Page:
History of Fobbing >> White's Directory 1848
A cottage in Fobbing, c.1965Image courtesy of and © copyright Steve Gillard. A History House reader who took this photograph when he was a young boy.
FOBBING, a compact village of one street on a bold acclivity, overlooking the marshes and the Thames, is nearly two miles North of that river, 3 miles East of Horndon-on-the.HilI, and 7½ miles South by East of Billericay.
Its parish contains 428 inhabitants, and 2632A,3R.38P. of land, mostly in low marshes, extending to the Thames, and intersected and nearly encompassed by several creeks of that river, one of which, called East or Hole Haven, flows on the western end of Canvey Island, and runs four miles inland to Pitsea, and the others are Fobbing Creek, crossing the parish at the foot of this village, and Shell Haven, penetrating the marshes of this parish and Corringham.
This is the site of that projected out-port of London which is to be called Thames Haven, and is to have capacious docks for the reception of the largest vessels, and a railway to join the Eastern Counties line at Romford.
At Domesday Survey, Phobinge belonged to Eustace, Earl of Boulogne, and it afterwards passed to the Bohun, Stafford, Buckingham, Bullen, Johnson, and other families. Arthur Zachariah Button, Esq., is now lord of the manor, but part of the soil belongs to other proprietors.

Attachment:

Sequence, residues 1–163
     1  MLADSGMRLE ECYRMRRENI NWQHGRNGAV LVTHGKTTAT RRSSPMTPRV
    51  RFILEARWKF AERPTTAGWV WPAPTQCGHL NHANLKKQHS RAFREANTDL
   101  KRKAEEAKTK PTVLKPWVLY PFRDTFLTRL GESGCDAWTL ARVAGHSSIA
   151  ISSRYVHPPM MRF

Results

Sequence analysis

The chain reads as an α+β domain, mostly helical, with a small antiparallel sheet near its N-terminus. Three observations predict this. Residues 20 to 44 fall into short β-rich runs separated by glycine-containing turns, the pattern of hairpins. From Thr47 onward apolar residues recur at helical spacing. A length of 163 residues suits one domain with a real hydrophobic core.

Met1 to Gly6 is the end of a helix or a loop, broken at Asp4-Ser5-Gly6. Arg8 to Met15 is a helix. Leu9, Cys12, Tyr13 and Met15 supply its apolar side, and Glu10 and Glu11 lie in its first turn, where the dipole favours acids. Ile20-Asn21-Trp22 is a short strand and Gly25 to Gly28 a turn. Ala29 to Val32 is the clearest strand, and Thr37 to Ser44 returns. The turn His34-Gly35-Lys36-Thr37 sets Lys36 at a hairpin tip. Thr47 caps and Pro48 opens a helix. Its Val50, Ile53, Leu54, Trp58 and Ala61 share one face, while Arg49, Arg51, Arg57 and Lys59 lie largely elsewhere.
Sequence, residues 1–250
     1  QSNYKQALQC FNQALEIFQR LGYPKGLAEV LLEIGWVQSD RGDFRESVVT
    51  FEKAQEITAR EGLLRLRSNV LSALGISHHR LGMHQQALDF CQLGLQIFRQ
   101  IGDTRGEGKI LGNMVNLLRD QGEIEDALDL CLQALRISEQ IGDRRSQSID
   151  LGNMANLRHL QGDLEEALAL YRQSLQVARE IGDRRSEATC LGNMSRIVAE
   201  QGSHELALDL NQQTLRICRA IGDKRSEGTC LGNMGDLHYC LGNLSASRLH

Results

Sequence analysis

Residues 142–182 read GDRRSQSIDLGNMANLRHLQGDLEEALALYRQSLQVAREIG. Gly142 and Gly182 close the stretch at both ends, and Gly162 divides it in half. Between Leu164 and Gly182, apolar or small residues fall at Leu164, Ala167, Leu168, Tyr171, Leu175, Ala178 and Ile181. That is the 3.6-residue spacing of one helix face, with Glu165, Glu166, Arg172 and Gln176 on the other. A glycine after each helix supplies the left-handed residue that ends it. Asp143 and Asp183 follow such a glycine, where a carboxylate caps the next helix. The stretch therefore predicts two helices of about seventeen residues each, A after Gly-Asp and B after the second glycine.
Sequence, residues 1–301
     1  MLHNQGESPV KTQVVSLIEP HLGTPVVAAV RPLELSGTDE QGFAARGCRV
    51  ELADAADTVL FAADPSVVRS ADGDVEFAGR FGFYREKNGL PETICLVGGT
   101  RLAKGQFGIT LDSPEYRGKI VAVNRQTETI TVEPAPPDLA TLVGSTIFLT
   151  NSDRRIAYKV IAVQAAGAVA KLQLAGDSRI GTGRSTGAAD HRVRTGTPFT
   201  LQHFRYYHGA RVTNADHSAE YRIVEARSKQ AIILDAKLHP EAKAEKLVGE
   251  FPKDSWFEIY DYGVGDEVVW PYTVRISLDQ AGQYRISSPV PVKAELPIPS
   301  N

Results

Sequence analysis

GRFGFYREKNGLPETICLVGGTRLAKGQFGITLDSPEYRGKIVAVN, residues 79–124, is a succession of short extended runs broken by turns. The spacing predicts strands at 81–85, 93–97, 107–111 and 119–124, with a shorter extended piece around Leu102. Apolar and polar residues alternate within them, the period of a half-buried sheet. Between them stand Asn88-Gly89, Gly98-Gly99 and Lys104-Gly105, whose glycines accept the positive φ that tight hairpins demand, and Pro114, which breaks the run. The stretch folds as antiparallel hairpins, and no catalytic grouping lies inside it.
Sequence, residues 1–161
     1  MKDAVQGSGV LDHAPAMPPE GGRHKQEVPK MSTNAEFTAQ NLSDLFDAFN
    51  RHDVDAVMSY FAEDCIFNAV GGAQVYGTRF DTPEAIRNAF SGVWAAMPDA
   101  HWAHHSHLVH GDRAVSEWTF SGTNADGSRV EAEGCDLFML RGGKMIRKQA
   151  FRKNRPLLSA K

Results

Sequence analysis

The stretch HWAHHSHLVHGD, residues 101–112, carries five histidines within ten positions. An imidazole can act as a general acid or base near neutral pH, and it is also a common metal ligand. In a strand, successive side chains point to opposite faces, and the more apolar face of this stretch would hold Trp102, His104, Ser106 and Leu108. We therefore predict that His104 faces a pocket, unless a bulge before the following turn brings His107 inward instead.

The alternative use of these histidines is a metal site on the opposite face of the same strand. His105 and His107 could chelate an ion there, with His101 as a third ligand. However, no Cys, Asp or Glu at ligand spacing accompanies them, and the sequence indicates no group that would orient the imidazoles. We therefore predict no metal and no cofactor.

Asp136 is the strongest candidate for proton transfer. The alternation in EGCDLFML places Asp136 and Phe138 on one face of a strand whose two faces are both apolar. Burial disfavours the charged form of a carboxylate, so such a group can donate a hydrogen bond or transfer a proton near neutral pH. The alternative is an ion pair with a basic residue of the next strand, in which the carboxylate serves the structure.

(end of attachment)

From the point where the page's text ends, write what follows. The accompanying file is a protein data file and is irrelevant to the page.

The small manor, called Hawkesbury, was held by Barking Abbey, and after the dissolution, it was granted to the Dean and Chapter of St. Paul's.
Stow says Jack Cade's rebellion began in the village of Fobbing, and that the mob broke into a priory in the neighbourhood, and "drank up three tuns of wine, and devoured all the victuals."
St Michael's Church, Fobbing, c.1955Reproduced courtesy of The Francis Frith Collection.
The Church (St. Michael,) has a nave, south aisle, and chancel, with a lofty tower, which is seen at a great distance, and is clearly visible from the Kentish hills on a fine day, when the view from the village over the expansive vale of the Thames is delightful. The tower hall a good peal of five bells.
The rectory, valued, in K.B. at £21, and 1831 at £564, is in the patronage of the Crown; and incumbency of the Rev. Henry Thompson, who has a neat residence, and about 30A. of glebe. The tithes were commuted in 1841 for £761.9s.4d. per annum.
The parish school is supported by the rector.
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Fobbing - Cary's New and Correct English Atlas, 1798
Fobbing - First Series Ordnance Survey Map 1805
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